Friday 8/15/14 - Plattsburgh’s City Council voted to support a new historic walking trail on Thursday Evening.. The Committee is hoping the City’s DPW will help with placement and installation.. The project in the City Council Chambers was spearheaded by Councilman Josh Kretzer..
—————- Below from Thursday 8/14/14
Plattsburgh’s City Council meets tonight and one item on the agenda includes allowing the placement of historic markers on historic locations in the city.. During a recent work-session, Councilman Josh Kretzer said the committee is looking forward to getting started on the installation of commemorative plaques at key locations..
Councilman Josh Kretzer says the committee is looking forward to getting started on the installation of commemorative plaques at key locations..
Kretzer says it will be a true collaboration between the city, historians of the area and community businesses.. the group hopes to fabricate historical landmark signs made of steel and cast aluminum similar to some of the state’s signs..
A number of the locations are owned by private residents and the committee has reached out and received permission from most of those residents to place markers at those locations and as for how they are to be displayed..
The first 20 signs would Start at 30 City Hall Place, and continue through the following locations;
46 City Hall Place ; The Ark – c. 1803
On May 2, 1815 the first meeting ofthe inhabitants ofthe Village ofPlattsburgh to elect officers took place at The Ark, a popular hotel kept by David Douglass near this site. The hotel burned in 1832.
42 City Hall Place ~MacdonoughMonument .. 1926
A majestic memorial to the American naval victory in 1814, this 135-foot tall monument was designed by John Russell Pope. Inscribed near the base are the names ofThomas Macdonough’s primary vessels.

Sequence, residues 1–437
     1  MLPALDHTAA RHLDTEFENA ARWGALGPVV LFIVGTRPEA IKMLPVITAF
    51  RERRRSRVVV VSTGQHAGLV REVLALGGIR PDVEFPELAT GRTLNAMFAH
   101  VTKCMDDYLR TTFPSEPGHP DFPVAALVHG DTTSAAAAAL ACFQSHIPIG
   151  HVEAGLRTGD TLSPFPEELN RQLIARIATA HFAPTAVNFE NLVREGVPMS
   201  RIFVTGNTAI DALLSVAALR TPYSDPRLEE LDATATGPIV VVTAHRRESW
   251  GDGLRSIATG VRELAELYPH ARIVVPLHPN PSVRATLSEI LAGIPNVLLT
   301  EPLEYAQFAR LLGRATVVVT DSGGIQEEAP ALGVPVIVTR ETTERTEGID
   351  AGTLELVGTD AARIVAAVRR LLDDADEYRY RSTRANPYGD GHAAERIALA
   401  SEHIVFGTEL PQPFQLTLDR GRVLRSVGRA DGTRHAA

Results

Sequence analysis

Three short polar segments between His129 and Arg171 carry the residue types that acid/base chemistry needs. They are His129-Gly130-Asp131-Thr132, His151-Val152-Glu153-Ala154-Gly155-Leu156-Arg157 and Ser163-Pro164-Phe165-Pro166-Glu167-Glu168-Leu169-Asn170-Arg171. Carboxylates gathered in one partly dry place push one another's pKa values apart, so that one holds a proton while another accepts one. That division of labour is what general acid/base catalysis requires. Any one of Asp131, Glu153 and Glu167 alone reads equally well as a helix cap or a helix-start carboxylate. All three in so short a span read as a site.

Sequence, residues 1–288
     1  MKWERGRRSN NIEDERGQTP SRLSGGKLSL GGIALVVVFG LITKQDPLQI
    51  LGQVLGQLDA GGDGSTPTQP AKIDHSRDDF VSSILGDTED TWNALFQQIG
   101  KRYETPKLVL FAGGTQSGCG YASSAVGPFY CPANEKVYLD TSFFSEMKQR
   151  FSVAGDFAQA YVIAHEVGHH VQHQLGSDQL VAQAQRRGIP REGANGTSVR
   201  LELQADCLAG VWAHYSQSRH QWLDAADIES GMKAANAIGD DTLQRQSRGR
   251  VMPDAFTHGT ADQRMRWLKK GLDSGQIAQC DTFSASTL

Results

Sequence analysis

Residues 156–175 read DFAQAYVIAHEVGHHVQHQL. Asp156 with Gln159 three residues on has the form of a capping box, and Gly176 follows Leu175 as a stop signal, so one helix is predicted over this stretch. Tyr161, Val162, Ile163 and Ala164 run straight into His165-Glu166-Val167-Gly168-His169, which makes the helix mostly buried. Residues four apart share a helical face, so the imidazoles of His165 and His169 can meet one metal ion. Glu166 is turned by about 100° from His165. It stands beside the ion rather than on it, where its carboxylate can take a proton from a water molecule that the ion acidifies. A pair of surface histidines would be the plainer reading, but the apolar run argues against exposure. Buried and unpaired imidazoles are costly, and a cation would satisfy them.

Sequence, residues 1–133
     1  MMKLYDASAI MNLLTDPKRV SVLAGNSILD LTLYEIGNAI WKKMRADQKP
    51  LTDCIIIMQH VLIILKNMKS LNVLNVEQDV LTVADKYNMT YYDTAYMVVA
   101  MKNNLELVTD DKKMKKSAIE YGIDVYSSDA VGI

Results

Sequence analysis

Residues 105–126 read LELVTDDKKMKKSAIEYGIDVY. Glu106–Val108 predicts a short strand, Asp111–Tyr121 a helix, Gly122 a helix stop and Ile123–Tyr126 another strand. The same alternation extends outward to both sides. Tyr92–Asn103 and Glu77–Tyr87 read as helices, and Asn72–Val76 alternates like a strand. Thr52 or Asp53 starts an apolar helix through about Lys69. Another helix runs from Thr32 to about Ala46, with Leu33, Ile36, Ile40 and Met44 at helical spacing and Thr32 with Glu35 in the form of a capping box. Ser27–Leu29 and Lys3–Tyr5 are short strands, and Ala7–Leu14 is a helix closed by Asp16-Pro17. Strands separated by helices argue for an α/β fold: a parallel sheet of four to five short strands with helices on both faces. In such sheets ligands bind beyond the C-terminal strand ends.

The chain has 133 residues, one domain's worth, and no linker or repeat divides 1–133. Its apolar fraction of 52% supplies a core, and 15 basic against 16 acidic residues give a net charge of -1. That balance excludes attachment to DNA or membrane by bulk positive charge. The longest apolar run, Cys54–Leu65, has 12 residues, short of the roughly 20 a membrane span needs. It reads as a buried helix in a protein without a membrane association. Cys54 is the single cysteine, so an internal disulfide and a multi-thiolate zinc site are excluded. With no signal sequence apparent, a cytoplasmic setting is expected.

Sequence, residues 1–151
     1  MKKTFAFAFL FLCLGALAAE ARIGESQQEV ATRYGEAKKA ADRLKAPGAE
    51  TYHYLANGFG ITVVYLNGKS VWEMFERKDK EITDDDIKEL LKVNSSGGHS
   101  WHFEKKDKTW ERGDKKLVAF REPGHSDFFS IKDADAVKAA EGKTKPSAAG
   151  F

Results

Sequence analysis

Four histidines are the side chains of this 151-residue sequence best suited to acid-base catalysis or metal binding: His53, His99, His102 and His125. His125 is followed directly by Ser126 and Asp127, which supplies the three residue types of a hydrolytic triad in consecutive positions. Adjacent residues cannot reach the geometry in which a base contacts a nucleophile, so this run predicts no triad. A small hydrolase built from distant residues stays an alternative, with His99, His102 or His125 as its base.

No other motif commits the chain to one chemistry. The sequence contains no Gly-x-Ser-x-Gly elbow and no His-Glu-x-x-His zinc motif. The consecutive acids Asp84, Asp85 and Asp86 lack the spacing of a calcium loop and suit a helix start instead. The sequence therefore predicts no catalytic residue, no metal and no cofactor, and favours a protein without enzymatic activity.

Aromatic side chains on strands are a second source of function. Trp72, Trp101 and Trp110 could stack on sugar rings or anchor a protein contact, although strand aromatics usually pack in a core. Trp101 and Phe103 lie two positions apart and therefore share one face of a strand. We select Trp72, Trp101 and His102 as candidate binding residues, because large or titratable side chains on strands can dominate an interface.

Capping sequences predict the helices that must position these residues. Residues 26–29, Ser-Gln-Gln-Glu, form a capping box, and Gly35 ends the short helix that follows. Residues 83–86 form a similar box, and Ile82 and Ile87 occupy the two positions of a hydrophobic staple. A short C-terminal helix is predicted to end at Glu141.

41 City Hall Place – City Hall ..1917
City Hall was built in 1917 in the Classical design ofJohn Russell Pope, who also designed the Jefferson Memorial in Washington. Loyal Smith, Plattsburgh’s first major philanthropist, provided most ofthe funding with a generous bequest.
18 Trinity Place – Trinity Episcopal Church .. 1830
Plattsburgh’s oldest public building, erected in 1830, exemplifies the early period ofAmerican Gothic Revival architecture. Reverend John Henry Hopkins, rector 1872- 1877, was the author ofthe hymn “We Three Kings.”
19 Trinity Place – Trinity Square .. 1803
When Trinity Square was laid out in 1803, this area was mostly a swamp. At the east end was a hay-weighing scale whose use was required by all who sold hay locally and stalls for produce, the original farmers’ market.
133 Margaret Street Old Court House .. 1889
A brick and stone Courthouse opened in 1889 alongside the 1884 County Surrogate Building. This formidable Romanesque structure replaced previous Courthouses on this same site.
I Cumberland Avenue – Smith Weed House and Park – 1870s
The most prominent resident ofthis impressive house was Smith W. Weed, an industrialist who promoted railroads, hotels, a hospital, and the Plattsburgh Theatre. Weed also developed a lakeside park across from his Cumberland Avenue home.
9 Cumberland Avenue – Oliver Davidson House – c. 1800
The Davidson family was noted for its poetess daughters, Lucretia (1808-1825) and Margaret (1823-1838), one the ward ofMoss Kent, the other ofWashington Irving. The two remarkable girls wrote poetry highly admired in their day.
17 Cumberland Avenue – BaileylDelord/Hall House – 1797
William Bailey built a simple dwelling on this site in 1797. Henry and Betsey Delord rebuilt the house just prior to the War of 1812. It remained in the family until their granddaughter died in 1913 and became a museum in 1928.
30 Cumberland Avenue – Champlain Monument – 1912
This monument, designed by Champlain native Hugh McLellan and consisting ofa statue and pedestal standing on a terrace, pays tribute to the French explorer Samuel de Champlain, who first encountered the lake in 1609. cross walking bridge at River Walk
20 Green Street – Foundry – 1830s